RCGP Quick guide: Care bundlesPublished: 24th January 2017
This is an accepted method of measuring more than one indicator is known as a care bundle.
The definition of a care bundle from the Institute for Healthcare Improvement is as follows:
“A bundle is a structured way of improving the processes of care and patient outcomes. A small, straightforward set of evidence-based practices – generally three to five – that, when performed collectively and reliably, have been proven to improve patient outcomes.”
Care bundles are useful when you wish to implement a series of indicators that are all important in achieving the outcome. They provide an all or nothing measurement and the achievement is measured over time.
Download RCGP Quick guide: Care bundles
Care bundles are applied to a defined patient population and care settings over a defined time period and it is important that they are not seen as simple checklists. The indicators ideally are evidence-based and relate to specific patient group or condition.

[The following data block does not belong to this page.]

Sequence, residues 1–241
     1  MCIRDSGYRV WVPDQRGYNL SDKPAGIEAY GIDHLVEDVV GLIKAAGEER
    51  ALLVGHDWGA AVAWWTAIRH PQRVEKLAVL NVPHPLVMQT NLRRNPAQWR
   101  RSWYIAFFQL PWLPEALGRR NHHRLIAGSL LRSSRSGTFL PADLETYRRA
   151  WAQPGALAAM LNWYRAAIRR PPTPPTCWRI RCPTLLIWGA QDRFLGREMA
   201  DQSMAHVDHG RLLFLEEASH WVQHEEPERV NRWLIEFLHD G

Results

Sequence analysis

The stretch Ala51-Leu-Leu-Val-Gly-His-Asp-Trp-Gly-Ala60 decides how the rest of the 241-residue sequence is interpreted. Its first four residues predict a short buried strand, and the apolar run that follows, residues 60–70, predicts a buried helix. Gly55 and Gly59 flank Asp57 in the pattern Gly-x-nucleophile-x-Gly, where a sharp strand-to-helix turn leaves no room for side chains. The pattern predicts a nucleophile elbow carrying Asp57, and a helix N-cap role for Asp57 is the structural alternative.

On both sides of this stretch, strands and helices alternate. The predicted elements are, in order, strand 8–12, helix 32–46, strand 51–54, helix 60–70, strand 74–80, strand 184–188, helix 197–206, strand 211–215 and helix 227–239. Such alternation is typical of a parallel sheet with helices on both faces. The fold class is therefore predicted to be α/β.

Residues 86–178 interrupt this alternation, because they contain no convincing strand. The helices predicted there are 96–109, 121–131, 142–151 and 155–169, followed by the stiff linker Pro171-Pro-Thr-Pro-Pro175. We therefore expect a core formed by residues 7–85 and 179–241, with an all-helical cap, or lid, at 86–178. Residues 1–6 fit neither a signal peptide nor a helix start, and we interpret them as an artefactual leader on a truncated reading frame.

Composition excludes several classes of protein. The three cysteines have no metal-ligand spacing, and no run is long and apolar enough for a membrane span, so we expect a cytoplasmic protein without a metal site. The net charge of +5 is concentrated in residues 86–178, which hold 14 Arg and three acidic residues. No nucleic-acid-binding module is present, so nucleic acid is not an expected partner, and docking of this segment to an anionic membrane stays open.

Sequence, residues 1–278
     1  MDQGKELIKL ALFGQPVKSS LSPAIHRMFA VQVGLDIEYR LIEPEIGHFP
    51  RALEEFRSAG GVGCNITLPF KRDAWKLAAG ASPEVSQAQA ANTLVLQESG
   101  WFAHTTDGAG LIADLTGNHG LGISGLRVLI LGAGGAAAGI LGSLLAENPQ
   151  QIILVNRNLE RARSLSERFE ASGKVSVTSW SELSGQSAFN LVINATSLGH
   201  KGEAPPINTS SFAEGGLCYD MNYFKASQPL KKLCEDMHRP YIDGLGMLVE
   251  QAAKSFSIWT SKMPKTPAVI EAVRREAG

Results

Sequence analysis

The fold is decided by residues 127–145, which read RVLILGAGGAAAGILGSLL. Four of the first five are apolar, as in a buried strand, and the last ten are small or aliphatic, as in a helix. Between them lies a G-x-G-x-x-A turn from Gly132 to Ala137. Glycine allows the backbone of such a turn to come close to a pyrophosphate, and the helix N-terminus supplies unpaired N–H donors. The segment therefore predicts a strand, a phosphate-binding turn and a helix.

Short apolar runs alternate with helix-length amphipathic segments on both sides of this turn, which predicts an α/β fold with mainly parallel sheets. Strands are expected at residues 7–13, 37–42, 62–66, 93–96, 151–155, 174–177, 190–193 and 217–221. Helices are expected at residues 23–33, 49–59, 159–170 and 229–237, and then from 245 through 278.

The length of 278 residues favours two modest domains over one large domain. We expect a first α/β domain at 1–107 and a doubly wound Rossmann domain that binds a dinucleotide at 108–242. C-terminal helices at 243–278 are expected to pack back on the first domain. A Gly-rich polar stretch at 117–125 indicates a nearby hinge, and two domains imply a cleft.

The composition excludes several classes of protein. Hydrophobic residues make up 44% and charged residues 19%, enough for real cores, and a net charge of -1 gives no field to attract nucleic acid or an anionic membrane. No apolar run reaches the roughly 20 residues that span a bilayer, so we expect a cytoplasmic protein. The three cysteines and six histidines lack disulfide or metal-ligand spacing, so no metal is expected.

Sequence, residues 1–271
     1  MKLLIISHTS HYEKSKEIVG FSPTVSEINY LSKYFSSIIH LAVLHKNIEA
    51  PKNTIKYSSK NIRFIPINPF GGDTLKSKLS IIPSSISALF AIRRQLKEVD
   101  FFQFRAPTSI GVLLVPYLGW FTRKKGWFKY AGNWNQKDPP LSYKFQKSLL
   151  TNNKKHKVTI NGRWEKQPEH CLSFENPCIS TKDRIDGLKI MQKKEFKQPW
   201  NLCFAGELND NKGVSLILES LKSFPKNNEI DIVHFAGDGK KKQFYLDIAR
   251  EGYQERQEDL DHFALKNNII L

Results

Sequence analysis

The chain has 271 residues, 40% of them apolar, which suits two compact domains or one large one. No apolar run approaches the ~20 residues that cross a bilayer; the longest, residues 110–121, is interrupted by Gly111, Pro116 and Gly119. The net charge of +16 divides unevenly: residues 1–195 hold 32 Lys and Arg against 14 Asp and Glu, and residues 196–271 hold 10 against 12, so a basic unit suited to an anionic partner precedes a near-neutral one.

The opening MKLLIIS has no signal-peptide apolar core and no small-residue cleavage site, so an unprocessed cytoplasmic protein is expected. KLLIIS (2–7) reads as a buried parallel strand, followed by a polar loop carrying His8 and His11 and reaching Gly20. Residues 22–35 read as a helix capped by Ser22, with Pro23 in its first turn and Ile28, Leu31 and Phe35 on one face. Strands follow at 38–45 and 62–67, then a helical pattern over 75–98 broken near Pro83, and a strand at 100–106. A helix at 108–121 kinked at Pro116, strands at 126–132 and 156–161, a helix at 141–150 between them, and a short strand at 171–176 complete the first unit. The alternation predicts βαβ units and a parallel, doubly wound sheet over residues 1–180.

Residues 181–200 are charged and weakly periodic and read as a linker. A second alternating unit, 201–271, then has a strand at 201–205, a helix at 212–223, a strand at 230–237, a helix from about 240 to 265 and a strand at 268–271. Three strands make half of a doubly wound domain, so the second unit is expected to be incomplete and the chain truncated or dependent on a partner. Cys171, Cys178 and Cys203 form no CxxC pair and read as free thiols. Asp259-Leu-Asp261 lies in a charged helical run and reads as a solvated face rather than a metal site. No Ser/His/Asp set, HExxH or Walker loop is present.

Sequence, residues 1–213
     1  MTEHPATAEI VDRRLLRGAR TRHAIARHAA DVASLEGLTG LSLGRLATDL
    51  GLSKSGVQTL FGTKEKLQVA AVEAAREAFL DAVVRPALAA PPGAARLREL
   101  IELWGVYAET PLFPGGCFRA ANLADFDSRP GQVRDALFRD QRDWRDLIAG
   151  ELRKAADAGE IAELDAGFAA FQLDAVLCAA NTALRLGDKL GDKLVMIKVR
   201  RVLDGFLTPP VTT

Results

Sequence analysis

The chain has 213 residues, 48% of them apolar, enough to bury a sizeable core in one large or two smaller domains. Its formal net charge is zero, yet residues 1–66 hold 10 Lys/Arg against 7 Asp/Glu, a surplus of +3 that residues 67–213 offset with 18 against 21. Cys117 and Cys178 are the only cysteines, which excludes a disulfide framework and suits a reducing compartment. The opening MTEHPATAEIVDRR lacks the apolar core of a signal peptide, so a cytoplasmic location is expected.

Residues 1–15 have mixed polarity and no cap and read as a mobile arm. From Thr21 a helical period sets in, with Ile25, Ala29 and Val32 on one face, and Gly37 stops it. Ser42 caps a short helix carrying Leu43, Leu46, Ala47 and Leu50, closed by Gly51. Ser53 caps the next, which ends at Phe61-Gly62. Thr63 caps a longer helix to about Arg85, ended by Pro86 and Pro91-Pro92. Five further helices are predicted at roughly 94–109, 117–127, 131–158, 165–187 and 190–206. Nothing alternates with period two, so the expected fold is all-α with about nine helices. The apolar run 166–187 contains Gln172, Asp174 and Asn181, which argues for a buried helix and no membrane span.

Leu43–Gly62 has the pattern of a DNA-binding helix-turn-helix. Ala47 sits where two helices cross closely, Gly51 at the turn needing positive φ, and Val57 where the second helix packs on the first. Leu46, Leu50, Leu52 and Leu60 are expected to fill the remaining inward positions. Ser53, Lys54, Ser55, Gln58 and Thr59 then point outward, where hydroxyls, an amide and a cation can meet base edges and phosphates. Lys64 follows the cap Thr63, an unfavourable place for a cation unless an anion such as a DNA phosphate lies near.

Taking the example of diabetic indicators, all of the following would have to be achieved:
- BMI measurement
- BP measurement
- HbA1c measurement
- Cholesterol measurement
- Record of smoking status
- Foot examination
- Albumin: creatinine ratio
- Serum creatinine measurement.
Each indicator is one that is routinely delivered or considered for every patient within a time period.
Step 1: Measure each indicator
Step 2: All measures must be achieved before the bundle is complete
Step 3: Reflect on the results
Step 4: Plan and test any changes required
Step 5: Monitor the change by continuing to use the bundle